Women and children in one of the huts at Bergen-Belsen, postliberation, April 1945. Seventy years ago today, British troops liberated the Nazi concentration camp Bergen-Belsen. In the days and weeks following the liberation, British and American soldiers took to treating and relocating the thousands of desperately ill prisoners. One of those soldiers, Lt. Col. Mervin Willett Gonin, among other recordings of that time, wrote the following in his diary:   It was shortly after the British Red Cross arrived, though it may have no connection, that a very large quantity of lipstick arrived. This was not at all what we men wanted, we were screaming for hundreds and thousands of other things and I don't know who asked for lipstick. I wish so much that I could discover who did it, it was the action of genius, sheer unadulterated brilliance.… Read More...

“Mad Men” Beauty Musings

In Peggy and Joan's swipes at one another, we actually see how similar they are.
  There’s much to say about Mad Men in general, and about last night’s last-season kickoff, and about the relationship between Joan and Peggy, and even about their conversation in the elevator (burn it down, Joan!). But what’s most relevant in this particular wheelhouse is one exchange that comes between Peggy and Joan after a business meeting in which a group of male colleagues make lewd jokes at the expense of Joan, specifically at the expense of her generous bustline: Peggy: Should we get lunch? Joan: I want to burn this place down. Peggy: I know, they were awful, but at least we got a yes. Would you have rather had a friendly no? Joan: I don’t expect you to understand. Peggy: [With demonstrated doubt] Joan, you’ve never experienced that before? Joan: Have you, Peggy? Peggy: I don’t know—you can’t have it both ways. You can’t dress the way you do and… Read More...

The “Man’s Woman,” the “Woman’s Woman,” and Other Apocryphal Creatures

We've spent 120 years trying to define the "man's woman" and the "woman's woman"—and we still don't know who she is.
These women look suspiciously alike, eh? Some years ago, my then-boyfriend said that Drew Barrymore was the ultimate “woman’s woman.” His reasoning: She stars in romantic comedies (née “chick flicks”), she seems like she might be vaguely feministy/ish (because of Charlie’s Angels, I guess?), she has her own cosmetics line, and her production company is named Flower Films, for crying out loud. Most of all, he claimed, “no men like her.” Now, I was willing to buy most of this, even though it was clear that by “no men like her” he simply meant he didn’t like her: A chronicle of one rando dude’s quest to go on a date with Drew Barrymore became a successful documentary, she was perpetually on those “Hottest Celebrities” lists from various men’s websites until she “aged out” by hitting thirtyish. But I understood the larger point. Drew catered to women in her… Read More...

Laurie Penny’s “Unspeakable Things”

Penny's electrifying polemic isn't for "the good girl." Then again, the good girl might not exist.
There are two reasons it’s taken me longer than it should have to write out my thoughts on Laurie Penny’s newest book, Unspeakable Things: Sex, Lies, and Revolution. The first is technical: I’ve been ostriching from pretty much everything for the past couple of months while working on other projects, and am only now coming back to things like blogging and social media and leaving the house. The second is personal: It made me mad. At this point, for readers who—we’ve all done it—prefer not to voyage beyond the first two paragraphs of a piece, allow me to assure you that Penny’s book is excellent. But it might make you mad, and not only at the patriarchy. If you’re a good girl, it might make you a little mad at that very fact. But I’m getting ahead of myself here. Instead,… Read More...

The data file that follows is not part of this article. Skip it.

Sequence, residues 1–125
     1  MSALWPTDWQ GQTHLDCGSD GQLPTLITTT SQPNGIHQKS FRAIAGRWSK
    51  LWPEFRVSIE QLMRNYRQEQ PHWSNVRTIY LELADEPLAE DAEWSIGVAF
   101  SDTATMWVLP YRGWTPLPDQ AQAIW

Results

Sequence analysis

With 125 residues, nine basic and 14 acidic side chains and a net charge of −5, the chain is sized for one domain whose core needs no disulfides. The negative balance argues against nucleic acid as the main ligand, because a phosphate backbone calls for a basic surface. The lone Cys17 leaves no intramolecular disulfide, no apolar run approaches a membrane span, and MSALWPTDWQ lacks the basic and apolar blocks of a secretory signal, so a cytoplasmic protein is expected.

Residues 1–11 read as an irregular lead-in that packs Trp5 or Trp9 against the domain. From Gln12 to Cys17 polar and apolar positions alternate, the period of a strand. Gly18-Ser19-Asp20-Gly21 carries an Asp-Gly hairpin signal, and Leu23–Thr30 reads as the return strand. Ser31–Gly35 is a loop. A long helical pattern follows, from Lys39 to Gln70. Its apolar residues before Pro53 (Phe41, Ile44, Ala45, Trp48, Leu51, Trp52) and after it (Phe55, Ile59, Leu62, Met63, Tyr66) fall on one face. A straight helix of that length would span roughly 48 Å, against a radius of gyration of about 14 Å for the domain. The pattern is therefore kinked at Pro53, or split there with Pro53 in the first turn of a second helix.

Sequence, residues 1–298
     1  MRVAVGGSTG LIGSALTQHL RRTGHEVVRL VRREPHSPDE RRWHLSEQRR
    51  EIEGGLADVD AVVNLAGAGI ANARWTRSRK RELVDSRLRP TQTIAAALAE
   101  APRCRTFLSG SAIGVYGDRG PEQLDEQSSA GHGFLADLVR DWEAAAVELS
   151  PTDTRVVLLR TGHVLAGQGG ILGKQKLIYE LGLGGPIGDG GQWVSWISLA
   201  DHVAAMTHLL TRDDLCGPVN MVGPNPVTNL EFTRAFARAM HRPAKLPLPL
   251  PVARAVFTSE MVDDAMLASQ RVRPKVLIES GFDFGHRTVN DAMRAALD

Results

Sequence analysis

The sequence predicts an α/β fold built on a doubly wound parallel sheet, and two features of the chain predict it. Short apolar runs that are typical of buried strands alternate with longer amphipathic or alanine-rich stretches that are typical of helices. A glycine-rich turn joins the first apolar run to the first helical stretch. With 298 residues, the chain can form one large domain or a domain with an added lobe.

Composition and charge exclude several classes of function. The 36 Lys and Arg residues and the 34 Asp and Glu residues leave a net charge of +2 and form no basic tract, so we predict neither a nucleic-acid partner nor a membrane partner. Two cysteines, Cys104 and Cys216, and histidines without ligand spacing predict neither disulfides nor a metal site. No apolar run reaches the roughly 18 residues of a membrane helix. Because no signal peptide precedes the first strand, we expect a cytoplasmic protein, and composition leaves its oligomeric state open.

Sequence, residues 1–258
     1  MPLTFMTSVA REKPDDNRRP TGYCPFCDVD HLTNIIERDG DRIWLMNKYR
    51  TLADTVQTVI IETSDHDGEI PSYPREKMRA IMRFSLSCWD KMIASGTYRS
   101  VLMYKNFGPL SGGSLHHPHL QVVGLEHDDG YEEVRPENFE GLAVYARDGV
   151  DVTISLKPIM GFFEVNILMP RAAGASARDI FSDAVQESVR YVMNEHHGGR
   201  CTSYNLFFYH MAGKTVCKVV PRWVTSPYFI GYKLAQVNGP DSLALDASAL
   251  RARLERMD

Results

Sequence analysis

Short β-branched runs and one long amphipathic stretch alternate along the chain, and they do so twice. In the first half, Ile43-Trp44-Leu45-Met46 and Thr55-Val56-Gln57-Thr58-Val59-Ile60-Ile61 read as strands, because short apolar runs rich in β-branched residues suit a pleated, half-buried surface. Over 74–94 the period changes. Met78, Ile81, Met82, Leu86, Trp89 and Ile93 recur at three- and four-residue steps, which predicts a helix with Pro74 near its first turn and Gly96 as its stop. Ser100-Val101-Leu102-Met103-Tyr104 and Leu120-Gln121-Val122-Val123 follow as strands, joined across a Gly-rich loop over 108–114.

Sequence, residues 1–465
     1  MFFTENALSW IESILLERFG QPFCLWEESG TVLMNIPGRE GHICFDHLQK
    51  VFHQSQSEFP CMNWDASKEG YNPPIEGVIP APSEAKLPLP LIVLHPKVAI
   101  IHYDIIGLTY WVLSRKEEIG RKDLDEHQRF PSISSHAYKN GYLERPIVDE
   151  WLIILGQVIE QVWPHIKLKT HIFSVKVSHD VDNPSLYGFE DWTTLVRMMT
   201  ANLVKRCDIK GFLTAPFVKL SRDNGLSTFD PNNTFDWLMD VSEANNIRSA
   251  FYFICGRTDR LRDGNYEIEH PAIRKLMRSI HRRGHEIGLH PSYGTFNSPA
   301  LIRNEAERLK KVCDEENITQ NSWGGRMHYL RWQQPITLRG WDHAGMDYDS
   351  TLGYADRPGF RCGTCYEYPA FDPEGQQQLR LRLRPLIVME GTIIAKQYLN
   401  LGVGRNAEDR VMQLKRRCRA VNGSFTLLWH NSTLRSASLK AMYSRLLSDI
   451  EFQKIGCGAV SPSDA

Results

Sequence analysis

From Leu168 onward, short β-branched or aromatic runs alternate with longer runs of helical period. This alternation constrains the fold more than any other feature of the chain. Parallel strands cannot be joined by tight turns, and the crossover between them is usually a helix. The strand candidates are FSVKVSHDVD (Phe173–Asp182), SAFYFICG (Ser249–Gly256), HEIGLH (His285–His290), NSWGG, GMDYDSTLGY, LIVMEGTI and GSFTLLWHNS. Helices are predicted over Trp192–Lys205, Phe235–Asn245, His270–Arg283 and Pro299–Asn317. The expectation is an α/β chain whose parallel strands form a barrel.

Masstige and Bargain Beauty

Motivations for buying bargain beauty products and high-end products are more similar than they seem. The sweet spot? Masstige.
The price may be right, but what else drives your beauty buys? I’ve been thinking about high-end beauty products as inconspicuous consumption, and what that means for displays of wealth among women. In doing so, I ignored the other end of the scale: bargain beauty products. The idea I was exploring a couple of weeks ago was that high-end beauty products signaled an investment in beauty, as opposed to a temporary gussying-up; think top-notch dermatology and expensive retinol creams, the benefits of which only really show up after long-term use (and therefore hundreds—or thousands—of dollars in). But it’s not like buying bargain beauty products means that you don’t regard beauty as an investment. Most obviously, it could be that your budget is limited (which, given the price of even the most basic quality anti-aging cream, is probably the case for… Read More...

Beauty and (In)Conspicuous Consumption

Are beauty products forms of conspicuous consumption, or of the opposite?
It wasn't just her last name that marked Gloria Vanderbilt as one of those Vanderbilts. I've been enjoying participating in this month's structured conversation on visual persuasion and the state at Cato Unbound. Virginia Postrel (whom regular readers will recall authored the excellent The Power of Glamour: Longing and the Art of Visual Persuasion, which I reviewed here) wrote the lead essay, in which she argues for the use of glamour, iconography, and visual appeals in politics; Grant McCracken, Martin Gurri, and I were invited to write responses from there. Much of the discussion is relevant to readers here, particularly McCracken's musings on sprezzatura and Postrel's thoughts on the true danger of glamour—and, hopefully, my own thoughts on what the faces of our politicians say about the nature of beauty, the glamour of the therapeutic narrative, and why we appreciate… Read More...